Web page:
Sundays are, let’s be honest, for doing the same thing we do every day. With one exception: that we first round up and celebrate the week’s best writing (and videos) about (mostly) videogames.
The most interesting thing for me is integrating the macro – nations, religions, cultures, history, etc – into the micro of individual people, houses, what people have in their homes, clothing styles, etc. It’s an awesome way to make this type of stuff not just lore or background like in so many games (I have a long-standing hatred of games that “tell their story” by just having you pick up little fragments of text or recordings or whatever – it seems so lazy) but rather something which is integral to the player’s success. I gave a talk on that last year!
I hate Cards Against Humanity because it’s shit.
If it’s part of the “face” of modern board gaming, it’s also the pervert’s moustache and smug grin. Fittingly for a game so in love with stereotypes, Cards Against Humanity is every horrible stereotype of a nerd snickering in the corner. It is every person ready to lecture you on how humour must sometimes offend, boldly dragging their Auschwitz joke up to the moral high ground. It is the manifestation of an internet asshole.
But that’s not why I hate it. I hate it because it’s shit.
Dr Yep. Some people are addicted to basic principles or linear relationships. You press ‘a’ and ‘b’ happens. You have a drink and you feel good. They like that simplicity. Then there are lot of people who like the complexities of other relationships. With this sort of game there are so many possibilities, so many permutations. You could literally play Football Manager a hundred times and have a different result every time. You are also obviously addicted to this kind of ‘deity’ analogy that you alluded to earlier. Your addiction is built around a ‘what happens if I do this to them?’ principle.
Like Jim Rossignol mentions, Teleglitch’s Quake-like corridors have a menacing relationship with light and dark; it simulates contemporary noir fiction’s film roots. The grating sounds coming from each muculent chamber make a disturbing hum. It’s a cynical and parochial environment: it’s the roguelike elements, the procedurality, the reorganisation of the space station environment each time you die that brittle claustrophobic, choking death, back-against-the-wall. It’s the terminals’ hard text narrative of human overreach, of coldness violating empathy, the way the game remixes itself to keep you constantly in fear of stalking that violent path. Though Bloodborne was considered, it’s Teleglitch that wins.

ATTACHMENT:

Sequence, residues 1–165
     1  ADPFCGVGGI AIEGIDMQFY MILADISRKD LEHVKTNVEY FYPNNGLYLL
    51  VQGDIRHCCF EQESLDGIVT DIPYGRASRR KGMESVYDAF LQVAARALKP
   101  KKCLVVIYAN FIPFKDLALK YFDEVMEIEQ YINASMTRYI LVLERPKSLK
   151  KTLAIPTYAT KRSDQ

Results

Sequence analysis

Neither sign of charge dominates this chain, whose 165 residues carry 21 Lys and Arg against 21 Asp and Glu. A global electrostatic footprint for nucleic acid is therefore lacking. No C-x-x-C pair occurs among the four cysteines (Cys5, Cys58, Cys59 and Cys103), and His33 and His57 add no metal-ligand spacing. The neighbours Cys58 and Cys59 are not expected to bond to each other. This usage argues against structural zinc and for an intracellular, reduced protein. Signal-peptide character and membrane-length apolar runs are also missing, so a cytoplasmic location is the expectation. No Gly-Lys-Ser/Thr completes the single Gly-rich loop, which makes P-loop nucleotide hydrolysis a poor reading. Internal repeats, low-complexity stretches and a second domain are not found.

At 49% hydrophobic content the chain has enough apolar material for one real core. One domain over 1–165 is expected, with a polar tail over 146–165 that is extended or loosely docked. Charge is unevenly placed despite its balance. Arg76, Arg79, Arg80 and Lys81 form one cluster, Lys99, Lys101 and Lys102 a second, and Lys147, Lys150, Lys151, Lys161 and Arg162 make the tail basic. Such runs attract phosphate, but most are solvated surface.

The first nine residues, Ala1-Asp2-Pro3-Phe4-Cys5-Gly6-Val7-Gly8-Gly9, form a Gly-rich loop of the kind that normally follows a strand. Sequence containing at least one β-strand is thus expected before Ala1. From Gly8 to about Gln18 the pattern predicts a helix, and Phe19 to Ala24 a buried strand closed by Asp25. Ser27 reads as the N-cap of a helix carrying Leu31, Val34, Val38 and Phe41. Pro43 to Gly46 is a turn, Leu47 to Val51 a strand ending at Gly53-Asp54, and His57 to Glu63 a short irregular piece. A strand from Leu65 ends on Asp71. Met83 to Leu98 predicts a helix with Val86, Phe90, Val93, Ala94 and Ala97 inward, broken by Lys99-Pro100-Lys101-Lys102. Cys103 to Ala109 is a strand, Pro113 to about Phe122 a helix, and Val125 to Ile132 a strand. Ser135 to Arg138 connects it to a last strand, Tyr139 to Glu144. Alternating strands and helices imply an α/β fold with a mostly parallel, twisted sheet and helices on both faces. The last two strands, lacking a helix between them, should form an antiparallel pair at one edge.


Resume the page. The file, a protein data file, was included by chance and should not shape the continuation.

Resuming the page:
There is a little secret here which perhaps you can notice: When the ugly monster’s limbs reach out to touch the small human’s body, there is about a tenth of a second—maybe less— where her body is invincible. It doesn’t even matter if she’s geometrically in harm’s way or not. She is safe because she timed it right, was perfect.
See, even in this very hard game, there is something wonderful and fair: The game doesn’t care about the way bodies actually intersect. If your timing was correct, it agrees: “You were not touched.” Many games hide that tiny moment of invincibility within quick movement, and it feels so kind just knowing, no mater how bad you are, that if you could fit every moment of pain in that one tenth of a second you could be invincible for the rest of your life.
The games I ended up learning the most from were the ones that made no attempt whatsoever to be educational. Psygnosis’ Lemmings series, launched in 1991, sees the tiny creatures doomed to traverse dangerous landscapes. The lemmings are completely helpless, and will cheerfully walk in a straight line to their demise if unattended. You guide them to the exit by making a safe passage through the environment — assigning some of them to build bridges and bash rocks, for example.
Eroge (a portmanteau of “erotic” and “game”) are hentai games. They’re porn. I had just barely had my first period but I’d spend my weekends and weeknights down in the basement, acting as a straight man trying to fuck a bunch of attractive women. Although True Love wasn’t a popular game in Japan, apparently it was a huge success in America, and remains a classic of the genre in the states. I had no idea when I was 11. I was just watching porn.
I walked into the hospital and found out: It was over. My dad had died. My stepmom and I went to his bedside, but before I could say goodbye, my phone started buzzing. Word had broken that my dad had passed away; someone had tweeted about his death. I was filled with rage. Couldn’t I have at least 30 seconds to comprehend what had happened without having to hear the Internet’s take? Couldn’t the loss of the most important man in my life be my own, if only for one quiet moment? My stepmom and I raced to call my sisters, reaching them, thankfully, before the news went viral. It felt unfair to rush through the most difficult words I would ever say just so I could beat the Internet.
Music this week is, oh, a bunch of things. Have this new Lullatone album about Spring though, because it’ll cheer you up.